23 Aug 2014
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Love and War with Dandelions

This mom has a love/hate relationship with the weed, er, flower.

Love and War with Dandelions

I have a dried, dandelion flower that I keep to remind me of the dozens of times my boys have been sweet.

It’s nice to imagine them seeing a flower and thinking “Mom,” then picking it for me. It’s like a little whispered, “I love you.”

But the crop of dandelions invading my back yard? Not so nice. I don’t see love in them; I see war.

In the must-have, green-well-manicured-lawn world of suburbia, the yellow flowers scream, “I don’t take care of my lawn.” And likely tick off my neighbors who probably worry the weeds will spread into their perfectly green yards.

It’s embarrassing, even though this spring, dandelions are sprouting up EVERYWHERE. Some parkways are so full of them that blades of grass are scarce. They have overrun parks, fields, medians and just like ours— many yards.

Our problem started two years ago when I got mad and fired our lawn service company for not knowing (after eight years of servicing our yard) what trees and shrubs were on our property. This year we decided to take matters into our own hands.

We consulted a neighbor who is particular about his yard and put down the same weed control and fertilizer that he uses. We’re also paying the boys to dig, pull and spray.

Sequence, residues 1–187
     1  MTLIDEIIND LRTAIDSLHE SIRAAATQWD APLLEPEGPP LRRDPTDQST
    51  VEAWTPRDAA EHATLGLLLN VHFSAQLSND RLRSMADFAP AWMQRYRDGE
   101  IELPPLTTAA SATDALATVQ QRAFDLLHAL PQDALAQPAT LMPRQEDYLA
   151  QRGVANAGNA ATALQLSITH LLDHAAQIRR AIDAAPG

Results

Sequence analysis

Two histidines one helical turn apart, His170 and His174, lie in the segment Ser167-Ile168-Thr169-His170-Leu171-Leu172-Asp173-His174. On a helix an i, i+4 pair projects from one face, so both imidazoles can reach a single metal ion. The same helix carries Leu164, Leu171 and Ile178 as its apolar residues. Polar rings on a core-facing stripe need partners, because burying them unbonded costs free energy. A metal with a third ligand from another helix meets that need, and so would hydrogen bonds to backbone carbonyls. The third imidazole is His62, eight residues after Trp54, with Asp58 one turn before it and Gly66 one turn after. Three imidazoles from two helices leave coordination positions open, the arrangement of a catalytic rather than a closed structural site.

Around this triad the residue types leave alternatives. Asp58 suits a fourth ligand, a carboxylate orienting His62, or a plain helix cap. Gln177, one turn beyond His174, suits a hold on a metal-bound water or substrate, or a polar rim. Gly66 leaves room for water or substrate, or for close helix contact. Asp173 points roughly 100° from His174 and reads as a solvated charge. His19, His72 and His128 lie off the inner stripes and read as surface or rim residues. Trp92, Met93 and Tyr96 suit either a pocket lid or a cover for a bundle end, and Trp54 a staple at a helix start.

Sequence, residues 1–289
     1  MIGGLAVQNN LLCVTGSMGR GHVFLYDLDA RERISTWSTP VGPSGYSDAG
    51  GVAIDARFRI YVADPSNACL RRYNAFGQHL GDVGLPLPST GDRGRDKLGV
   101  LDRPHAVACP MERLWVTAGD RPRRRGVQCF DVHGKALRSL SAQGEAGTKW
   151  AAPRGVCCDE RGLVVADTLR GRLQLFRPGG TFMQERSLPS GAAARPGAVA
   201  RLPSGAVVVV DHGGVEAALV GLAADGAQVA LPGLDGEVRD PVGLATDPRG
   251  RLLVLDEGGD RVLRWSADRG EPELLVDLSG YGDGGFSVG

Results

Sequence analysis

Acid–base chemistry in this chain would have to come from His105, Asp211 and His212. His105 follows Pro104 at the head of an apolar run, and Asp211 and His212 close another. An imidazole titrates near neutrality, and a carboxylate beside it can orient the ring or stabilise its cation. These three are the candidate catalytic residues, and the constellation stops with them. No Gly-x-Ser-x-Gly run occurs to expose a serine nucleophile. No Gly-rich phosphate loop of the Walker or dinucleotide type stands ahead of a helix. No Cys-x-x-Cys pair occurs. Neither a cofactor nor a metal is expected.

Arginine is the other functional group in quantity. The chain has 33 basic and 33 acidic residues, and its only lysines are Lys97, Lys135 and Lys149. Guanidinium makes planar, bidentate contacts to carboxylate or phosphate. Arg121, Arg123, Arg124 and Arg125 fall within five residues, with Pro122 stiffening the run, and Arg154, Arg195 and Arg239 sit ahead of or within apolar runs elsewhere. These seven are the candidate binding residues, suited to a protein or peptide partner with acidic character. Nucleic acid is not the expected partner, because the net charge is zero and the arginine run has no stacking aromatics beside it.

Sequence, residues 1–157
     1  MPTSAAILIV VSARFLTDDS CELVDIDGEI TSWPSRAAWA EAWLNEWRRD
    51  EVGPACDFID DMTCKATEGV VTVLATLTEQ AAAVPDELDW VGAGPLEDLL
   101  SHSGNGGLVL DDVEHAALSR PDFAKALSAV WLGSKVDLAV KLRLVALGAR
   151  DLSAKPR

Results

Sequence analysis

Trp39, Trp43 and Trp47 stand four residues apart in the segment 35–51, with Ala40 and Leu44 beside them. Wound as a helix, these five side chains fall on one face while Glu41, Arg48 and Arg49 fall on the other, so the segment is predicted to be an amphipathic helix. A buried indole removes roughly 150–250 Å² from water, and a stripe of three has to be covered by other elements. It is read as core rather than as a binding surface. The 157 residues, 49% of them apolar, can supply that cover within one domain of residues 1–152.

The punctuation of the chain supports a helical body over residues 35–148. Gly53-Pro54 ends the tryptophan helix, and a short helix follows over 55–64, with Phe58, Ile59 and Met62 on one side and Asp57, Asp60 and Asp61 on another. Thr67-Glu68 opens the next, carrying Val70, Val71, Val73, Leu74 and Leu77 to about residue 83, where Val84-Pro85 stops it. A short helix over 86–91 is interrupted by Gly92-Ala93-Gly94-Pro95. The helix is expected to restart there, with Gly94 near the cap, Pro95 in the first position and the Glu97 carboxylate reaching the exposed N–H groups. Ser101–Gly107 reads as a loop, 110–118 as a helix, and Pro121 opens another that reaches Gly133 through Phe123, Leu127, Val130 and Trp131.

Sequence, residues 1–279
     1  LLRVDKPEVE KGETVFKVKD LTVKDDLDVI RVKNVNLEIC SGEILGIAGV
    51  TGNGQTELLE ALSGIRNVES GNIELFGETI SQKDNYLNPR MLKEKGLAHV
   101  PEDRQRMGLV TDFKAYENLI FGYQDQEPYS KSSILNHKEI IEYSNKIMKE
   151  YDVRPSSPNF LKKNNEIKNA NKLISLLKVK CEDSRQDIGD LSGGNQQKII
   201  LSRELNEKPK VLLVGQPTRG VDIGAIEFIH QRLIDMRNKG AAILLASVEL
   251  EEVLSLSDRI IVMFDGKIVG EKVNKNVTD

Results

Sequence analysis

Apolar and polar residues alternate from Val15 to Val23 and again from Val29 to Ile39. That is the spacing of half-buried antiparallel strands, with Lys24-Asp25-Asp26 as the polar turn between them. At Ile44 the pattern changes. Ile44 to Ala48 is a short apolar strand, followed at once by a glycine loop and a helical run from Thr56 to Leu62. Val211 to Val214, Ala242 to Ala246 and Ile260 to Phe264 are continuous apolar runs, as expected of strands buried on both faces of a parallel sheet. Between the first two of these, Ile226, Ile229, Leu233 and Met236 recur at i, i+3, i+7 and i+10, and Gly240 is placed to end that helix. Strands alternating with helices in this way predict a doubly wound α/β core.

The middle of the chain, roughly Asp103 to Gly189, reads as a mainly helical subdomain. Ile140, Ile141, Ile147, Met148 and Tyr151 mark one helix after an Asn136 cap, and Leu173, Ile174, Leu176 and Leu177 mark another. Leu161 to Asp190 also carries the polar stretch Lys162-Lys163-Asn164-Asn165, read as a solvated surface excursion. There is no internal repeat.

Not as easy a task as we thought. After a few days work, one-and-a-half yard waste bags are full of the weeds with about the same amount of them still in the yard. Then those yellow flowers keep popping up. It’s going to be a battle.

I decided to do a little research. I discovered the little dandelion is a hardy plant. No surprise there. Our spring assault might be futile. We’re best off fighting them in the fall, when they are done seeding and when they will take any weed control we put down into their roots.

And who knew the dandelion has so many uses? Its leaves are used in salads; its petals for wine; its roots for coffee; its nectar and pollen for honey bees; and its medicinal properties to treat infections, even cancer.                             


Interesting, but I think I still prefer a nice, green lawn with the occasional flower waiting to be picked by one of the boys.


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